He defends the greenhouse gas and renewable energy mandates, and welcomes "an EPA that's actually pushing," since the states and federal government have repeatedly failed to achieve cleanup goals over the past 27 years.
"I think a dead Chesapeake Bay is bad for business," O'Malley says. "And there are some things we can only do together as a people," such as "preserving the health of our natural resources."
There's at least one thing on which O'Malley and Ehrlich agree — though barely. Ehrlich touts the Bay Restoration Fund that he pushed through the legislature in 2004 as "the most important environmental initiative in a generation."
Financed through a $2.50 monthly "flush fee" paid by every Maryland household on its utility or property tax bill, it has raised hundreds of millions of dollars to pay for upgrading the 67 largest sewage treatment plants — a significant source of the nitrogen and phosphorus that are fouling the bay and causing a sprawling dead zone in the estuary every summer.
Portions of the fund also go to homeowners to install septic systems that release less pollution and to farmers to plant cover crops to keep excess fertilizer from washing off their fields and into the bay.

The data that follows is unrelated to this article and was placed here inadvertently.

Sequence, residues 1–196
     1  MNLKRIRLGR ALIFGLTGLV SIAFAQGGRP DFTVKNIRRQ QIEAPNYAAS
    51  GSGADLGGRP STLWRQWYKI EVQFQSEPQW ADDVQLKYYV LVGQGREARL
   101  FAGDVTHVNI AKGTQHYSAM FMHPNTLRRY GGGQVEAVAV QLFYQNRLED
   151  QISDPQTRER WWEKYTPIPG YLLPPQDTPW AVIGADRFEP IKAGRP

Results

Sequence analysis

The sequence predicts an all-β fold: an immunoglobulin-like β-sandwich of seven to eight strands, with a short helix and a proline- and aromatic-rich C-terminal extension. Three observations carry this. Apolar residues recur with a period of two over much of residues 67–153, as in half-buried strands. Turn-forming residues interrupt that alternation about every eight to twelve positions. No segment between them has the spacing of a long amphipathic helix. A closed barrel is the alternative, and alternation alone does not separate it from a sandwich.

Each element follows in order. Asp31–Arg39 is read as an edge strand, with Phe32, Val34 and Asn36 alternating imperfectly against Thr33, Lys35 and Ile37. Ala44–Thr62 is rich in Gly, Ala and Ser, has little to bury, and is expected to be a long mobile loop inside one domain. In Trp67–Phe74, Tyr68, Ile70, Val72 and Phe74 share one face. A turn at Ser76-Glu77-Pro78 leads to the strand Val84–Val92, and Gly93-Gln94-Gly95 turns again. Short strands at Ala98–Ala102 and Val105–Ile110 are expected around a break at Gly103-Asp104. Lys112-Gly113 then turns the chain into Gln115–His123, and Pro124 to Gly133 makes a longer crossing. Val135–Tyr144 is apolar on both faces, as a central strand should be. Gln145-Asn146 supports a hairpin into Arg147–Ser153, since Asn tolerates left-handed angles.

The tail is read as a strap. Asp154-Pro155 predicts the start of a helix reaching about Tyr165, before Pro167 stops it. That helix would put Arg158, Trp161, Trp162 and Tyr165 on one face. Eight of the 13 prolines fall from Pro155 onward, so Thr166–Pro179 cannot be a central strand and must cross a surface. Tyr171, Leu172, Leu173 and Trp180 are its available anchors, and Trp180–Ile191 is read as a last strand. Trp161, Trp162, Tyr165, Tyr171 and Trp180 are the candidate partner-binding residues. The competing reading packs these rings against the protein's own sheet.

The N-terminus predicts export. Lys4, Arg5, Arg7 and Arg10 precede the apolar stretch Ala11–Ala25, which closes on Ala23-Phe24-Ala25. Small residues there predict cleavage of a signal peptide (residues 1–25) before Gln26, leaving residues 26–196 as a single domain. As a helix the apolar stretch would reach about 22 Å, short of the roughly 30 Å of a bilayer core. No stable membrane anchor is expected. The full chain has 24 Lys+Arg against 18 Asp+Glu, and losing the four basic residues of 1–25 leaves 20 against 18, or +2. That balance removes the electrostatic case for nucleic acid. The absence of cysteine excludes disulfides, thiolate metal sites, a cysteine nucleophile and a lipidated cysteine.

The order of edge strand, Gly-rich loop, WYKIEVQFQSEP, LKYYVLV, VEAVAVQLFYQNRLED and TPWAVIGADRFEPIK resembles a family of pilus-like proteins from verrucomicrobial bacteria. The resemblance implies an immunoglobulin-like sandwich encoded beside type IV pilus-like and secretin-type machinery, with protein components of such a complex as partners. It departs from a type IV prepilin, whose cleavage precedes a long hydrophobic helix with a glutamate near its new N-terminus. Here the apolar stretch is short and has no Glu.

O'Malley credits Ehrlich for the initiative, saying that "it was a good thing to do" and calling the funds "very needed and very important."
And there the comity ends. Ehrlich accuses O'Malley of raiding $200 million from the fund to help shore up the state's budget and vows to protect it from future fiscal transfers if elected. O'Malley counters that he replaced the diverted funds with proceeds from bond sales, so no treatment plant projects were affected — though the borrowed money must be paid back with interest.
O'Malley points out that when Ehrlich was governor, he took $480 million in funds supposedly earmarked for buying parkland and preserving farmland without replacing any of it.
"If those were the decisions he made in easier times on open space, imagine what he would do in these tough times," O'Malley says.